Interpreting Prediction Market Prices

40 Pages Posted: 29 Jul 2016 Last revised: 24 Jan 2017

Date Written: January 23, 2017


Prediction market prices are often used as estimates of the probability of outcomes in future elections and referendums. I argue that this practice is often flawed, and I develop a model that empiricists can use to partially identify probabilities from prediction market prices. In the special case of log utility, election outcome probabilities can be fully (point) identified by a simple type of futures contract that is not commonly used in practice. Prediction markets are also used to examine whether stock market valuations would be higher under one election outcome than the other. I show that this question cannot be answered without assuming investors' higher-order beliefs are correct. In the case of the 2016 US presidential election, my model suggests that investors had incorrect higher-order beliefs, and that these incorrect higher-order beliefs affected the aggregate value of the S&P 500 by approximately $400 billion, or 2% of its aggregate value.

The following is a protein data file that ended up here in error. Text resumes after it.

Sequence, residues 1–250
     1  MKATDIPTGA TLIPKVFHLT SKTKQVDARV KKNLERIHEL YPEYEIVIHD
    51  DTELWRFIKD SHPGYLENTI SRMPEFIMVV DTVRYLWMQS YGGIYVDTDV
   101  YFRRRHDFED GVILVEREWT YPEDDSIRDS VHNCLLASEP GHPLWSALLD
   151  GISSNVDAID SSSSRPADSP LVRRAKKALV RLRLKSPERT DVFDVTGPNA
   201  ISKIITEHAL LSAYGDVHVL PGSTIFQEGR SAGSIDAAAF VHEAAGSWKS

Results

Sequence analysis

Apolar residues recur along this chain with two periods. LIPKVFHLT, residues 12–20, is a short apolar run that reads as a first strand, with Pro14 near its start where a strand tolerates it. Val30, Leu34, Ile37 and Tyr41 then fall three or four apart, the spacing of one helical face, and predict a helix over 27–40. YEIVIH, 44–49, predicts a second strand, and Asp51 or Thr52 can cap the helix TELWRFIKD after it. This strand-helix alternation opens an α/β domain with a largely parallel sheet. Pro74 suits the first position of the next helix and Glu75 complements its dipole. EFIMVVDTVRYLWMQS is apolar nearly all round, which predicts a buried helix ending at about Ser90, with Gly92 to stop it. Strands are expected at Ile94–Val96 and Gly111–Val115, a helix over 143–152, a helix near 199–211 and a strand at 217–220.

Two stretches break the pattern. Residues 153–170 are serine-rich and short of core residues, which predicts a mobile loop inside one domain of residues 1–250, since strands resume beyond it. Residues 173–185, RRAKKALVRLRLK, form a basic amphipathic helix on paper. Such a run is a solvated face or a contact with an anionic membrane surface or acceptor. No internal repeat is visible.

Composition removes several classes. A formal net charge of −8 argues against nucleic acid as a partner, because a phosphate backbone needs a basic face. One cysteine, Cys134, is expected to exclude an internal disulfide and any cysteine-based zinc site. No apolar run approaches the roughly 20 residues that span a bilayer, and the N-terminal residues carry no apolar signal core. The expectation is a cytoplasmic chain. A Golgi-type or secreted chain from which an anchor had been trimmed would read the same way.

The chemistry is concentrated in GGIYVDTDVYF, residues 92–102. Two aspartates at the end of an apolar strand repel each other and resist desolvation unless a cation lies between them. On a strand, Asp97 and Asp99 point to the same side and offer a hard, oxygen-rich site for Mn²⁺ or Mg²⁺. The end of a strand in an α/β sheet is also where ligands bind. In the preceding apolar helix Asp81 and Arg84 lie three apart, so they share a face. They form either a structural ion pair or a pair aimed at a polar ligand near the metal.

Keywords: Prediction markets, Higher-order beliefs

JEL Classification: C1, D4, D8, G14

Suggested Citation

Williams, Jared, Interpreting Prediction Market Prices (January 23, 2017). Available at SSRN: or

Jared Williams (Contact Author)

University of South Florida ( email )

Tampa, FL 33620
United States

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